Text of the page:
Murmuration and transient, beautiful learning

My good friend Ron Marken told me to do a search on “murmuration” and “vimeo” this morning. When Ron says something is good, I jump to it, and I have never been disappointed.  This little video by Sophie Windsor Clive is breathtaking. She was not only incredibly lucky to fall into this event with a camera rolling, but she does one of the best jobs of steady-cam in a canoe I’ve ever seen.

But more importantly, the content is exhilarating. A murmur of starlings is not just an environment where mathematicians can discuss chaos theory, it is a flat out gorgeous display of nature. And it is a wonderful metaphor for learning.  It reminds me so much of what great learning can be — social, poetic, graceful, surprising. And fleeting–oh so fleeting. We often talk about the durability of learning, as if learning needs to endure for it to matter.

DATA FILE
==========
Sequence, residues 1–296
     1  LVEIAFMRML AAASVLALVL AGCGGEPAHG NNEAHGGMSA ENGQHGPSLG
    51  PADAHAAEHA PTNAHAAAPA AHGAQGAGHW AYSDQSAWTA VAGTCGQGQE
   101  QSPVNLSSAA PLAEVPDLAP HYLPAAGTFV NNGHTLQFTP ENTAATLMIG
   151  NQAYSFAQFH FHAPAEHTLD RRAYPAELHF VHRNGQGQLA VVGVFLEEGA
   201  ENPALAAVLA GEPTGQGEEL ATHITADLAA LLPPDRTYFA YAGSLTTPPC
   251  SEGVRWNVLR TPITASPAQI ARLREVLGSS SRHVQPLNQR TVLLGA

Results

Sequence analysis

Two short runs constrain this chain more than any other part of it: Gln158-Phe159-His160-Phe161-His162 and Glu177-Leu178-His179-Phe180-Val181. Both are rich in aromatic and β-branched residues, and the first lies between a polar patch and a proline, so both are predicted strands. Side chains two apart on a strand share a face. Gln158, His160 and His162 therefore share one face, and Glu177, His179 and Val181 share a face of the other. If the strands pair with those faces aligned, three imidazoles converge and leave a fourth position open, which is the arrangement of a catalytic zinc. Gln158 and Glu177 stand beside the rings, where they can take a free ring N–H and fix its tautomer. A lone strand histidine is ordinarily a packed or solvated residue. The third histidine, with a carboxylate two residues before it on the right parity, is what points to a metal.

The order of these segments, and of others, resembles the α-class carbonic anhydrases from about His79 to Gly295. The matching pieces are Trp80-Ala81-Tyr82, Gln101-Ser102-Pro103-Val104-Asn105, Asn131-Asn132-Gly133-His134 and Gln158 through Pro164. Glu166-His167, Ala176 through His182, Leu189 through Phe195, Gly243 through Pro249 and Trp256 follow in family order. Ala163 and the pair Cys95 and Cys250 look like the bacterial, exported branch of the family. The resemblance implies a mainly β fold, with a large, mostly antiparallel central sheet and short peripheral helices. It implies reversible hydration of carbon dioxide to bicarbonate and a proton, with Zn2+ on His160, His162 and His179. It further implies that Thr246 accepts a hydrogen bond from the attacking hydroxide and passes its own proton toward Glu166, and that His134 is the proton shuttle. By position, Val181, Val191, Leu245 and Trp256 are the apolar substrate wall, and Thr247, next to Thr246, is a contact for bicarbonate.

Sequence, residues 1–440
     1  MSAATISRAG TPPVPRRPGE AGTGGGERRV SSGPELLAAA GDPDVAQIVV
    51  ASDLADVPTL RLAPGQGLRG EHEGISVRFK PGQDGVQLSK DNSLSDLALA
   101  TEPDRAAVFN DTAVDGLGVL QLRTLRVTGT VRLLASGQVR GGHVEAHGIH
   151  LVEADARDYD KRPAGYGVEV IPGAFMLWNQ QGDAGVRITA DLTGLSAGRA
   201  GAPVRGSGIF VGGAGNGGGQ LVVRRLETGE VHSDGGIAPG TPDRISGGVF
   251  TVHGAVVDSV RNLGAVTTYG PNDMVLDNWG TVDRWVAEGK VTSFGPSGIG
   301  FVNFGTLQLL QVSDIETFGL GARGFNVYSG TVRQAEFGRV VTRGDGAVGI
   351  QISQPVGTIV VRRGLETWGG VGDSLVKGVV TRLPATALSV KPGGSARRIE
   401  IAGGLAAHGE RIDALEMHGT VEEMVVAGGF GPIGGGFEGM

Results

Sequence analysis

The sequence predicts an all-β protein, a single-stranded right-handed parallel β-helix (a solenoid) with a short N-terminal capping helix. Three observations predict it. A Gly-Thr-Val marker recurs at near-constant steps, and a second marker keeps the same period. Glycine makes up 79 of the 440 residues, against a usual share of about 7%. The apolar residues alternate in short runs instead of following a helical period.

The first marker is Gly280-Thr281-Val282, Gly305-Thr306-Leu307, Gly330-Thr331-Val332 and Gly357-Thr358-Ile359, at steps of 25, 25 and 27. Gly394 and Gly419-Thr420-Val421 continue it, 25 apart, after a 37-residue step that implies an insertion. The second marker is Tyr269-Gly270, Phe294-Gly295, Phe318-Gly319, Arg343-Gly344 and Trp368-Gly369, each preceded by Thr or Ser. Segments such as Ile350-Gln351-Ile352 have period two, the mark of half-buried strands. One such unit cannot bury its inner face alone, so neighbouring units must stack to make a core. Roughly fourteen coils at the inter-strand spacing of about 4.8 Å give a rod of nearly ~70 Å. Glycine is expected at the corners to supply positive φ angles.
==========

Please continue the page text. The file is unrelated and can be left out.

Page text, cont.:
Maybe not.  Maybe those brief encounters with new learning, those times when we sweep around together as we chase an idea, only to forget it in a day, week, or month, are important.  Maybe that kind of learning matters too–maybe more. Maybe a lot of meaning and joy in learning happens while we are flying wing-to-wing, building fresh and temporary patterns.  What’s so bad about that?

3 thoughts on “Murmuration and transient, beautiful learning

  1. Thanks for this, Rick. My second-favourite moment in that video is the final image of the young woman, grinning. And all she can muster is a choked giggle — and that says it all.
    My first-favourite moment came just after I clicked on the link and said to myself, “What’s this supposed to be about?” just before the air turned to ballet.
    As Horatio said, “The rest is silence.”

  2. You’re so right, Ron. The canoeists were gobsmacked. As wonderful as the video was, can you imagine what it would have been like to be in the canoe?

    And to anyone else reading this, can you see why I love this guy?

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